Thinking About My Next Book Project

Some people prefer to outline their book projects, but me, I prefer a visual road map. As you can see, a great many things will go boom in the course of the book.  Yeah, it’s a slow day.

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Looking Beyond the High Ground

Much of my research and commentary on the evolution of battlefield interpretation within the National Park Service has referenced the 2000 Rally on the High Ground Conference as a watershed moment.  Without being too overly simplistic the working assumption has been that the most significant changes to NPS interpretation has been in reaction to Congressman Jesse Jackson Jr’s. legislation and accompanying symposium which brought together NPS staff and academic historians in Washington D.C. The conference examined ways in which the NPS could implement Jackson’s legislation which called for the broadening of battlefield interpretation to include the cause of the war, the role of slavery during the war, as well as other topics.  This push for a broader interpretive context as well as Jackson’s involvement has been met with suspicion by segments of the general public who tend to view his involvement as political which in turn has colored the NPS’s subsequent actions as overtly political.

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H.K. Edgerton Entertains the Old White South One Last Time

Not too long ago I suggested that H.K. Edgerton’s performance is geared to and best received by white Southerners, who find vindication in his narrative of slavery as a benign institution and the peaceful co-existence of the races during the antebellum period and through the war into Reconstruction and beyond.   Today I learned that H.K. is going to retrace his steps on this 10th anniversary of his famous trek across the South.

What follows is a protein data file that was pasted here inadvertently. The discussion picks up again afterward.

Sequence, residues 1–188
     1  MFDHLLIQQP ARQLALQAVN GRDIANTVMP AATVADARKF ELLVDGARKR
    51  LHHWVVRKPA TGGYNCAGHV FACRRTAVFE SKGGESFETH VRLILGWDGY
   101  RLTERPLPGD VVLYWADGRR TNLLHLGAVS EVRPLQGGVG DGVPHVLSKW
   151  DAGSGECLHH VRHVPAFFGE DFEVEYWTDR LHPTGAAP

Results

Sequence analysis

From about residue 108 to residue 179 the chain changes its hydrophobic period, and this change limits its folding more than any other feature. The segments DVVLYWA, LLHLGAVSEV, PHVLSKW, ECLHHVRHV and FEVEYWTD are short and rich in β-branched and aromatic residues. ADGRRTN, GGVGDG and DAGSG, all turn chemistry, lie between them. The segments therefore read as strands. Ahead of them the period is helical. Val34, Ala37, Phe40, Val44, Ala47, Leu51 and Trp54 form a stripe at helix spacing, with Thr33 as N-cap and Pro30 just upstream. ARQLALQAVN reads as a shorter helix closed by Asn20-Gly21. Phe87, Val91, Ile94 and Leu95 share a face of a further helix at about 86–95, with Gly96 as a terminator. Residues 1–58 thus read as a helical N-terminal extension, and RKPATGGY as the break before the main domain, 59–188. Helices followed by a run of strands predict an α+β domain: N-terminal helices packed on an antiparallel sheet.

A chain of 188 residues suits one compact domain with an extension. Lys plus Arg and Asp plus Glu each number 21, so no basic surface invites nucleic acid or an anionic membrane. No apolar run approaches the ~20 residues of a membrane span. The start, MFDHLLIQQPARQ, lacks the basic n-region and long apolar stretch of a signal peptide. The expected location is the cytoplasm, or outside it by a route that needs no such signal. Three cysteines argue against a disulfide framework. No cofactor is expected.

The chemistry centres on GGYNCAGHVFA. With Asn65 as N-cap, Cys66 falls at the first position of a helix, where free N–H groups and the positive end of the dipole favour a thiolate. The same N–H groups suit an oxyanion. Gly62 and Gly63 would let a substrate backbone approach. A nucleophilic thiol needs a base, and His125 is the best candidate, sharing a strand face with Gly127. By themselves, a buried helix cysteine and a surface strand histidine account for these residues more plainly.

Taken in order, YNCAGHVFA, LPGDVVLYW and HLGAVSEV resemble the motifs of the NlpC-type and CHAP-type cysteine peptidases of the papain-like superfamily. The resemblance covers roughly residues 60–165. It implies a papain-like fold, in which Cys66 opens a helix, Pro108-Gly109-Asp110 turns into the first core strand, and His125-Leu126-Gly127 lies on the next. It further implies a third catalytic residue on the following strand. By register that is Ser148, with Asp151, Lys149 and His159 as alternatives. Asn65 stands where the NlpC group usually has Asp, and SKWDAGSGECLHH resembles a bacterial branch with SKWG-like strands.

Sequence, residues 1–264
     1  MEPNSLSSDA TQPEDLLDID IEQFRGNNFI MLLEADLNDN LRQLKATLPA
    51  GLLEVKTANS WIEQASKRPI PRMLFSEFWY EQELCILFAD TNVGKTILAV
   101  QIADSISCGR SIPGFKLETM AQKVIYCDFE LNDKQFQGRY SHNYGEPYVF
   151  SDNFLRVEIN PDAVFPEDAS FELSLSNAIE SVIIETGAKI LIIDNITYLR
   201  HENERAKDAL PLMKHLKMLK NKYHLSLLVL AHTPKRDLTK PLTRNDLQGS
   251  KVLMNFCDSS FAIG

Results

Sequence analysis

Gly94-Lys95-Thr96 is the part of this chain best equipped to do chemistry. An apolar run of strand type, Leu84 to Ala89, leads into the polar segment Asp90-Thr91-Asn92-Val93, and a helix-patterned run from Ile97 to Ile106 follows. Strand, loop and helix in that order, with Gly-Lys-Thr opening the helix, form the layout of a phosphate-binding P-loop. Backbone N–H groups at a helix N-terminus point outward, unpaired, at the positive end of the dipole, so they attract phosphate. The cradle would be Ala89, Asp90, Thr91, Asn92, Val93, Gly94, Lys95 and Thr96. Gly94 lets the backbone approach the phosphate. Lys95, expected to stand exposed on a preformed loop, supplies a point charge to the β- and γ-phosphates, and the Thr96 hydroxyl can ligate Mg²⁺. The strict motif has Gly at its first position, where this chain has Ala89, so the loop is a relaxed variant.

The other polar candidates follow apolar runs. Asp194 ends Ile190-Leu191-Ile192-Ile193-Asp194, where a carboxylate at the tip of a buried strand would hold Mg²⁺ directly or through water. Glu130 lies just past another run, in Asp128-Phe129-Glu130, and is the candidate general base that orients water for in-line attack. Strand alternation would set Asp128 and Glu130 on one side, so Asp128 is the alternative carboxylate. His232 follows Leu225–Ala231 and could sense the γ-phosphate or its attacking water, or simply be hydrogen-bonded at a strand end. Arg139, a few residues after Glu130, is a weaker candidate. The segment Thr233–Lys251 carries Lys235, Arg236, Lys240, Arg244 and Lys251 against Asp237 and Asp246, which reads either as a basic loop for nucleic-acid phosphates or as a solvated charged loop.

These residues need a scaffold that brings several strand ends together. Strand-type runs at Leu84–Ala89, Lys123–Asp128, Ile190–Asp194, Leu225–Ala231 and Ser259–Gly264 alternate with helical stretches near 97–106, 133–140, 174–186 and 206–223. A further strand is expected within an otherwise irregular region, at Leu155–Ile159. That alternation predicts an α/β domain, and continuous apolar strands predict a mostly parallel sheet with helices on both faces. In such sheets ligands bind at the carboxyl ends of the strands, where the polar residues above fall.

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Yankee History Teachers Go South

In February 2011 a group of teachers, accompanied by Dr. John Stauffer of Harvard University, flew from Boston to Memphis, TN and from there traveled by bus through the South visiting sites of historic importance to the Civil War and the Civil Rights Movement, seeking a better understanding of each period and of the relationship between them.

This video was filmed at a conference held in May, 2011 at Burlington High School in Massachusetts. You’ll see what looks like a science fair, but is actually a “lesson fair” where the participants shared lessons they created and taught after the trip. Each traveler also created a digital story responding to the prompt, “How has this trip shaped my understanding of my role as an educator?” These were shown at the conference and three teachers joined Dr. Stauffer for a panel discussion.

Phil Gay of Tufts University, who is a partner and advisory board member of Making Freedom, interviewed the teachers during the conference, and created this video to document the impact of the study tour.

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Speaking in Newburyport, MA on Wednesday Evening

For those of you who live in the greater Boston area and are looking to get out for a few hours tomorrow evening I would love to see you in Newburyport.  More specifically, in nearby Salisbury [East Parish United Methodist Church, 8 Lafayette Rd. (Rt. 1)].  I will be giving a talk to the Merrimac Civil War Round Table on the battle of the Crater.  My talk will focus specifically on how Confederates responded to the presence of United States Colored Troops on the battlefield and in the letters and diaries written in the immediate aftermath.  The meeting begins at 7:30pm.

I will have books on hand at a discounted price and will be happy to personalize a copy for you.  Hope to see you.  If you can’t make tomorrow evening’s presentation you can catch me on October 26 at the Civil War Round Table of Greater Boston in Waltham.

Earlier today my friend Keith Harris posted a review of my book at Cosmic America.  There is really no reason to read beyond the first two sentences:

Let’s get straight to the point here. Kevin Levin’s new book, Remembering the Battle of the Crater: War as Murder,  is an exceptionally solid work.

In all seriousness, I appreciate Keith taking the time to read my book.  He makes a couple of really important points about where my book fits into the broader field of Civil War memory studies, which I am going to respond to very soon.

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